1

In my novel, I am writing a scene where my character digs up a memory of a song a lady sung to him in the past. He runs into the lady again, several years later and he is recanting the song to her. Would the song be a new paragraph and in single quotes/double quotes or italics? Example below:

“Yousif, what did you just say?” she asked with a puzzled look. He stood from the seat before hoarsely muttering the song again, “And you live a life worth living and you make my world—” She scooted up in the bed and quickly straightened herself up.

So the songs is, "And you live a life worth living...." I've seen places where a whole song starts in a new paragraph and formatted in the center of the script.

Thanks in advance.

  • It recalls me of sonnets in Shakespeare's plays, novels.... – Zenix Jan 25 at 19:04
2

I would treat it like it was a quotation. Because it is direct speech, it means that there would be inverted commas within inverted commas.

"'And you live a life worth living and you make my world --'"

By the way, you use a dash at the end which indicates he is interrupted, but you don't include the interruption.

|improve this answer|||||
  • Thanks for the interruption catch. I dont understand. I see. So since he is repeating what she sand its should be inverted commas within inverted commas. Wow I would have never guessed that. – Alex Jan 28 at 0:59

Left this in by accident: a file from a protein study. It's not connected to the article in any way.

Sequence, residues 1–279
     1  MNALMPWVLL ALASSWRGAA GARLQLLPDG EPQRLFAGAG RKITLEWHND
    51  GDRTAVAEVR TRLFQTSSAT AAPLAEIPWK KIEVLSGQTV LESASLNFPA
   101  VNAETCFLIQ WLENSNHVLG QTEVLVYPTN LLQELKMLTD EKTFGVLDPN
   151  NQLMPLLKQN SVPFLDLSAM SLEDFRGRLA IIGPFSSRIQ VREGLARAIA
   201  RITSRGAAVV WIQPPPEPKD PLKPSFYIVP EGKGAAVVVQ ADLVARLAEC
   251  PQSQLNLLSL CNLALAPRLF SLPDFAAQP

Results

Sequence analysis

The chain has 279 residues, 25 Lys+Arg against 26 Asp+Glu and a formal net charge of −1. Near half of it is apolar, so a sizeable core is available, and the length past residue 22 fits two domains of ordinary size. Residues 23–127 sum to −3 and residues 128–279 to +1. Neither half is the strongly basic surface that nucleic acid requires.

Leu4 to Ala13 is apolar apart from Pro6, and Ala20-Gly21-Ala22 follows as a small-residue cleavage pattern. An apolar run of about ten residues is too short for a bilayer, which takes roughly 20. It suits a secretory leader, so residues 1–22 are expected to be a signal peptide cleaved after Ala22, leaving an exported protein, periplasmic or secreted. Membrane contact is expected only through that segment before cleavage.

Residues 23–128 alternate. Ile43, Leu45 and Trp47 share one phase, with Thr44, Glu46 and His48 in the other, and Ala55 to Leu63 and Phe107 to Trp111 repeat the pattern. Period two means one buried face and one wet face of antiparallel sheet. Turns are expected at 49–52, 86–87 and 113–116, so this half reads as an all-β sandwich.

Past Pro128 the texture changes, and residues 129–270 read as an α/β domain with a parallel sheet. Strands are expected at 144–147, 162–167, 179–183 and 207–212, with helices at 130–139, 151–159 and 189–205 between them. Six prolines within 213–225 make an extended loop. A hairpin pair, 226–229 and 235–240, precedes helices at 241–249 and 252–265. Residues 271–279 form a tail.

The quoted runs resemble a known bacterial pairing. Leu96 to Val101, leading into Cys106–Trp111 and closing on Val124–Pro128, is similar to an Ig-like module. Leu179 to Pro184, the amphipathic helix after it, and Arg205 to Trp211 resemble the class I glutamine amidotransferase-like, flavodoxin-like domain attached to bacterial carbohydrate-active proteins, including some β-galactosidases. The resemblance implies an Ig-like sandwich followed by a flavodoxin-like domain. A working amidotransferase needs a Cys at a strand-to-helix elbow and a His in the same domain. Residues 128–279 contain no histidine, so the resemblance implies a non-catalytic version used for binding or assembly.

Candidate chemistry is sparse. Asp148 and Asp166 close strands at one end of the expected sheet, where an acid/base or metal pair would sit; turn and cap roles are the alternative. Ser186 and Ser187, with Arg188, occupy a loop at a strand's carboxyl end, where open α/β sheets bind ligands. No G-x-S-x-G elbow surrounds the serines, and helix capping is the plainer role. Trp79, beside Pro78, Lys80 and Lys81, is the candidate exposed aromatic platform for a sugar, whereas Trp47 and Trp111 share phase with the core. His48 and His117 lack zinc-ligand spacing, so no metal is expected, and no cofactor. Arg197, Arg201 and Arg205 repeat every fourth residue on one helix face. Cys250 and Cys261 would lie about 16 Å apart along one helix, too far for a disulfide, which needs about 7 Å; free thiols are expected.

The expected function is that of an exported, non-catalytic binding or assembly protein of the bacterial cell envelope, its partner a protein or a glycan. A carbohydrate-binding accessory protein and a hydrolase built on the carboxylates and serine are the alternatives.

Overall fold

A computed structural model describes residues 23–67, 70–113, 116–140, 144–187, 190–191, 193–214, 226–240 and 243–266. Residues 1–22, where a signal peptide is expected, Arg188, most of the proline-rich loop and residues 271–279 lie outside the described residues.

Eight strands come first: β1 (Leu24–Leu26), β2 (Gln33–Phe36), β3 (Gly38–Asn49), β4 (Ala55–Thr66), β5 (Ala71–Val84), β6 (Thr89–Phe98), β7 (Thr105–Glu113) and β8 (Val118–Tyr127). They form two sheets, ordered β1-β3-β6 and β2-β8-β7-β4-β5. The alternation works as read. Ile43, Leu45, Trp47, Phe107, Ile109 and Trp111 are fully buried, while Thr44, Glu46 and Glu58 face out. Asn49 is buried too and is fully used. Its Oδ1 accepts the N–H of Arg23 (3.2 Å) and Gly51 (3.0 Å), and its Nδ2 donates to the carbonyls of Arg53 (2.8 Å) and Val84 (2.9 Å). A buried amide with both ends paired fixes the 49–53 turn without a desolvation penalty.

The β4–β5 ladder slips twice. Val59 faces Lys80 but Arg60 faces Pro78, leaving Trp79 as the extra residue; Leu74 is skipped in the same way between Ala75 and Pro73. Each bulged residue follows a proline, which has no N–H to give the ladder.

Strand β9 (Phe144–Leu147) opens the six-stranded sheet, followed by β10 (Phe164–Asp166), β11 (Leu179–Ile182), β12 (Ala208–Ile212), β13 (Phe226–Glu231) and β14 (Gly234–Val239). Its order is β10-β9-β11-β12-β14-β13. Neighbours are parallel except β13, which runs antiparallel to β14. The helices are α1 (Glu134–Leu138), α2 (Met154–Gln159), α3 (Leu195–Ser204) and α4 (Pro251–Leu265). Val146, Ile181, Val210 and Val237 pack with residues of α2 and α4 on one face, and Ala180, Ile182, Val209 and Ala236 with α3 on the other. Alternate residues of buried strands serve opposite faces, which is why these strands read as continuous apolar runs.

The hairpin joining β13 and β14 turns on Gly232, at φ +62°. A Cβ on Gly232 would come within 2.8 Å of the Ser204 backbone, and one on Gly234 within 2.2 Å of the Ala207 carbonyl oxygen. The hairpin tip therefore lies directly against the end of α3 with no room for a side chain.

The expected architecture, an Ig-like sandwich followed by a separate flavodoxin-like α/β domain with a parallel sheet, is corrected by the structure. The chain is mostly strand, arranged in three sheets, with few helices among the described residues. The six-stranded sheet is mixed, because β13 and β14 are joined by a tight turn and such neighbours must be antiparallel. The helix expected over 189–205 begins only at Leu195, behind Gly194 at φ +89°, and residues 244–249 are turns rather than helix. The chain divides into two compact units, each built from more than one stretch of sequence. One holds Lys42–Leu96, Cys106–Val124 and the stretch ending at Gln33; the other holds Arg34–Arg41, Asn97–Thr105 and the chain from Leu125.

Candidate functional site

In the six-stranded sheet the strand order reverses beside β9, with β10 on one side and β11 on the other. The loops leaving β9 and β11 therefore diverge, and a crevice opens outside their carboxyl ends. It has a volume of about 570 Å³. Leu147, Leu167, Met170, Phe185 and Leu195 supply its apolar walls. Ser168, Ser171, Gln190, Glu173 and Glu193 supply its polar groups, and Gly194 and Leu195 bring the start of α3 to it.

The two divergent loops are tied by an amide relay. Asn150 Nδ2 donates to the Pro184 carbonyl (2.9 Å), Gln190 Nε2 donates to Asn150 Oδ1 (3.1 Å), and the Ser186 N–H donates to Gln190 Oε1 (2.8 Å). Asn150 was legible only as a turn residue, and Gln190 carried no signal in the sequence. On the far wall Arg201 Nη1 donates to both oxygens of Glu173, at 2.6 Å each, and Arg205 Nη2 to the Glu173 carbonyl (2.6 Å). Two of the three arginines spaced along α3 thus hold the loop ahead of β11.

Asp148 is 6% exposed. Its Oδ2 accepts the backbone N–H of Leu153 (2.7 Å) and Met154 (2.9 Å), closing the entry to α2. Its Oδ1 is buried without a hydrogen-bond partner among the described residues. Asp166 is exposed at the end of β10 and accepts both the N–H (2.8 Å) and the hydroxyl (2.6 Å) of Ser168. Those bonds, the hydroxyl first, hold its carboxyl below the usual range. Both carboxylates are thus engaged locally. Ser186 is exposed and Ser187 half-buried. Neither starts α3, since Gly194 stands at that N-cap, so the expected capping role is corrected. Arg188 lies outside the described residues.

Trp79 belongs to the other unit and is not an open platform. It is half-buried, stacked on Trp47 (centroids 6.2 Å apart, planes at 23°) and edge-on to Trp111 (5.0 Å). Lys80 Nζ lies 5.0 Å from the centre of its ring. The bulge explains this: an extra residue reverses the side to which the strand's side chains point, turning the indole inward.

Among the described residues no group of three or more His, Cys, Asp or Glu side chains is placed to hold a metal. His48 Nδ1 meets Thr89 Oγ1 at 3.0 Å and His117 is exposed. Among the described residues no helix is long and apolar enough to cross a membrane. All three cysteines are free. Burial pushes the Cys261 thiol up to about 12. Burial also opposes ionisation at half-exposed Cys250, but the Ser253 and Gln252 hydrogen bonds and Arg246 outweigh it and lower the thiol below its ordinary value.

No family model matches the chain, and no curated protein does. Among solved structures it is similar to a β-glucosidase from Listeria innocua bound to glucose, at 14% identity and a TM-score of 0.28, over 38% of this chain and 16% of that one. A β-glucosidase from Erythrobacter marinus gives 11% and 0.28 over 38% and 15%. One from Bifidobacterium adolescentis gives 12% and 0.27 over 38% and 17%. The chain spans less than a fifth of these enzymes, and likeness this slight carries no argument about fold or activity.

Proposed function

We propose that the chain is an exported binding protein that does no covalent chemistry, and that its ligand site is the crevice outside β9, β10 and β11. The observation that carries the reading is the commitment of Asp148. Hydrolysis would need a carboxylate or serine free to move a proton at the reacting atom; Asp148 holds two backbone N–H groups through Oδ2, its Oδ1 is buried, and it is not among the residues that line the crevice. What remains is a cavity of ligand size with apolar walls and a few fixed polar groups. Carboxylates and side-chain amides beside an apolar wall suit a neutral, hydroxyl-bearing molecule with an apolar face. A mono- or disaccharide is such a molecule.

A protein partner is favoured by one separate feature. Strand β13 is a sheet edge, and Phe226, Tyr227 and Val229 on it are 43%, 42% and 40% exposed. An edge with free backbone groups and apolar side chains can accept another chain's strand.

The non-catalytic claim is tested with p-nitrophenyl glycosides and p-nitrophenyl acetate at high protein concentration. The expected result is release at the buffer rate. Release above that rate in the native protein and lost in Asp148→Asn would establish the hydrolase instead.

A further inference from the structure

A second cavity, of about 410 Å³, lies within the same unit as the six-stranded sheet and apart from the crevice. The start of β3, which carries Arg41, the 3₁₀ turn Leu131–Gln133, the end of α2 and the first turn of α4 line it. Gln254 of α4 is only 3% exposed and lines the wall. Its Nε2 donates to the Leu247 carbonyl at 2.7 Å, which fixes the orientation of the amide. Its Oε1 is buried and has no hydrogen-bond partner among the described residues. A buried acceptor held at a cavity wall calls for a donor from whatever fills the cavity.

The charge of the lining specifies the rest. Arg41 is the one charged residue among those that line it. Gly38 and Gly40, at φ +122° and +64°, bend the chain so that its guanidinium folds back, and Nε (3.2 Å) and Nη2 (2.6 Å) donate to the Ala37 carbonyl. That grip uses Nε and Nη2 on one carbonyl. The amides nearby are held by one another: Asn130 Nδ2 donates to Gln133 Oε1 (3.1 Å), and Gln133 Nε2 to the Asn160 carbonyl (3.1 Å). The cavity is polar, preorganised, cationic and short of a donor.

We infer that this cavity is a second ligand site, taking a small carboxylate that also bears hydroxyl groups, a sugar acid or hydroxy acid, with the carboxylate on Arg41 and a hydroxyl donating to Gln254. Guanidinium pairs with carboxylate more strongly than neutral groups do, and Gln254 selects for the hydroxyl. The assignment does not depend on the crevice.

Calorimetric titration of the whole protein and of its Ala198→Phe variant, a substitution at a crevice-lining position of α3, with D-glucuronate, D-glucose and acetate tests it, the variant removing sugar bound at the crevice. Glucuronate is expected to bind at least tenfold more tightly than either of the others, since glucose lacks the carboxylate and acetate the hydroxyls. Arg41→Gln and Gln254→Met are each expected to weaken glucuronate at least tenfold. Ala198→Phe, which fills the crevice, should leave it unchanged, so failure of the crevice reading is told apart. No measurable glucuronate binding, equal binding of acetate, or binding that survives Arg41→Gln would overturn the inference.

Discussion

• 1
    It is not very clear on the screen, but there are single quotation marks and double ones. Whichever you use normally go around the whole thing and the other around the quotation itself. – S. Mitchell Jan 28 at 16:36
  • While technically correct, I wouldn't consider this a good solution because it isn't easy to read it as intended. I don't think I've ever seen nested quotes used except when the quote is embedded in a longer statement, such as "'Wise men say,' as the song goes." – Chris Sunami Jan 29 at 2:45
2

The center justification is called a "block quote" and should be used when the quote is typically four or more lines. Typically I see songs broken in rhyming couplets for normal quotes, so you may want to break the quote in a format such that:

"[Song line one]," He sang, "[Song Line Two]"

|improve this answer|||||

Your Answer

By clicking “Post Your Answer”, you agree to our terms of service, privacy policy and cookie policy

Not the answer you're looking for? Browse other questions tagged or ask your own question.